Subject details

At the completion of this subject you will be able to:

  1. understand some major themes in the history of the crime and the law from the earliest times to the present;
  2. engage systematically and critically with the complex relations between developments in the law and legal system and broader political, social economic and cultural change;
  3. demonstrate a general capacity for research, analysis of evidence, reasoned argument, clear exposition, and sound judgement;
  4. progress, through an informed and disciplined reflection on the past, to a richer and deeper understanding of the present.
    • Anglo-Saxon Origins of English Criminal Law
    • Legal Developments after the Norman Conquest of 1066
    • Torture and the Emergence of the Jury Trial
    • Social Control, Witches and Moral Panic in England during the 16th and 17th Centuries
    • Crime and Criminals in the 18th Century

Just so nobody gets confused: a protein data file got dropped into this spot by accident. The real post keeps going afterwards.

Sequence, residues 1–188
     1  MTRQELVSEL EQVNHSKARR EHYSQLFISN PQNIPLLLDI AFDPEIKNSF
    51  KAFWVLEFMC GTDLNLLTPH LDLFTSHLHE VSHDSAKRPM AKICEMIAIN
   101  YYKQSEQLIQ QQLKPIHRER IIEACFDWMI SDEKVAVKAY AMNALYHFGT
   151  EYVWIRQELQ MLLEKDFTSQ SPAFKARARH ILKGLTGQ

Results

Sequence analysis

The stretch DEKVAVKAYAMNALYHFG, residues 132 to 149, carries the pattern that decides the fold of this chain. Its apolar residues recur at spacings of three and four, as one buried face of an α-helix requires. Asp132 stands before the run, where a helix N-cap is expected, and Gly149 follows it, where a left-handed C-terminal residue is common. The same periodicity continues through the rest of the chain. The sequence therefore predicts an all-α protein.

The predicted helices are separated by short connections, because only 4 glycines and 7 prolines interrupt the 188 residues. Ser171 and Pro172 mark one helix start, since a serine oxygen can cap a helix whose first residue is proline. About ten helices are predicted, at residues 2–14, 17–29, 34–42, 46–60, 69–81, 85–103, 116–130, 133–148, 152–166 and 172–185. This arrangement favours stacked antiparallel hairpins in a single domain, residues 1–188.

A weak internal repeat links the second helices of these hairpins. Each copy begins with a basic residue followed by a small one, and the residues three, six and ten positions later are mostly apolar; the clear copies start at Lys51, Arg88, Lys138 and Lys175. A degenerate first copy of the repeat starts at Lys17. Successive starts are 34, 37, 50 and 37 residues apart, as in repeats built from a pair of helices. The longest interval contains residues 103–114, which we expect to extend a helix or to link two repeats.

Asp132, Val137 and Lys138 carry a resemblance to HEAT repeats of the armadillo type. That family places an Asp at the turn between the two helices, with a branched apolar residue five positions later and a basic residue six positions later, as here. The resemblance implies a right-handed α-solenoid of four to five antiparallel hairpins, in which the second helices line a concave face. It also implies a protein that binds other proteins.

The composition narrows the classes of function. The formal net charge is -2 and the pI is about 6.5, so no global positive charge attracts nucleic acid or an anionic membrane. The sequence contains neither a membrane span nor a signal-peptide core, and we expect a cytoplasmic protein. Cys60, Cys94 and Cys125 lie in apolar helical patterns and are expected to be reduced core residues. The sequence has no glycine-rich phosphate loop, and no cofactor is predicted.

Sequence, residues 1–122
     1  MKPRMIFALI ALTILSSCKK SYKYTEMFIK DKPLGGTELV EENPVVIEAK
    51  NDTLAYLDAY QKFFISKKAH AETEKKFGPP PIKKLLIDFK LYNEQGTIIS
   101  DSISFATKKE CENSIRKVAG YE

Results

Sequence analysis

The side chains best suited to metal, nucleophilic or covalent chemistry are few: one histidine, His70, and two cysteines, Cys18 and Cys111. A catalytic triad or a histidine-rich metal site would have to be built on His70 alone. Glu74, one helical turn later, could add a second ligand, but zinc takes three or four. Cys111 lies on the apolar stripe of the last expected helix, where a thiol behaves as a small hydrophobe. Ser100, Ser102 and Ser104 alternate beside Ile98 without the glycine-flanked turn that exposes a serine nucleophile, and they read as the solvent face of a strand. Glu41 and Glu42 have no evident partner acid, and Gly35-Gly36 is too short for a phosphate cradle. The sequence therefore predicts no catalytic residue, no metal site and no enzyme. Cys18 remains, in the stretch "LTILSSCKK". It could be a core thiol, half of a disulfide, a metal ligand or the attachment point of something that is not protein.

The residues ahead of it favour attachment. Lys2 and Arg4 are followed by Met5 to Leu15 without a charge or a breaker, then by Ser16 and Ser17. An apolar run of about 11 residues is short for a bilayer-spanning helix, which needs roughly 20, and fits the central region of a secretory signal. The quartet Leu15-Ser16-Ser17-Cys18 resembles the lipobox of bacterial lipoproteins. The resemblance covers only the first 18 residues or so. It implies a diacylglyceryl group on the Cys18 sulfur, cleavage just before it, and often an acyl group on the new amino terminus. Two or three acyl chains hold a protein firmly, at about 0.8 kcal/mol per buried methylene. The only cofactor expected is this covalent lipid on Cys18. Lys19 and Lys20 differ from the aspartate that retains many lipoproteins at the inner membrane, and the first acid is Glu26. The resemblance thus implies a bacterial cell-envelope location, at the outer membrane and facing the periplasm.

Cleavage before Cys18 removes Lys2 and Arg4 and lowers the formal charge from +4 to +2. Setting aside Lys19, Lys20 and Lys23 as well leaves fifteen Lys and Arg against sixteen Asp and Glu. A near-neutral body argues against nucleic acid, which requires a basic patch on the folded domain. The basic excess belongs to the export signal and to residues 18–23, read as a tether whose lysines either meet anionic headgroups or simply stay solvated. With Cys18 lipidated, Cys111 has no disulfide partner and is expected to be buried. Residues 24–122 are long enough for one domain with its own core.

• The 'Bloody Code' and Capital Punishment in 18th Century Britain
    • Crime and Convict Transportation
    • Crime and Criminals in the 19th Century
    • The Rise of the Prison
    • Policing in the 19th Century
    • Identifying Criminals in the 19th Century
  • Study resources

    • Instructional methods

      • Chat Rooms
      • Discussion forum/Discussion Board
      • Online assignment submission
      • Overview Notes
    • Online materials

      • Resources and Links
      • Printable format materials
      • Online Assessment


Note: Level 3 subjects normally assume a moderate level of prior knowledge in this area, eg from studying related Level 1 and 2 subjects or other relevant experience.

Special requirements

No special requirements

This subject examines the incidence of crime, the development of the law and criminal justice processes in response to crime, and the means of punishment to deal with crime. Covering the period from the Middle Ages to the end of the nineteenth century, the focus will be mainly on Europe and the ways in which crime impacted on communities, how the meaning of criminality shifted over time, and the agencies for change in dealing with criminals.

  • Essay 1 (30%)
  • Essay 2 (40%)
  • Online Discussion (30%)

Textbooks are not required.

Textbook information is pending.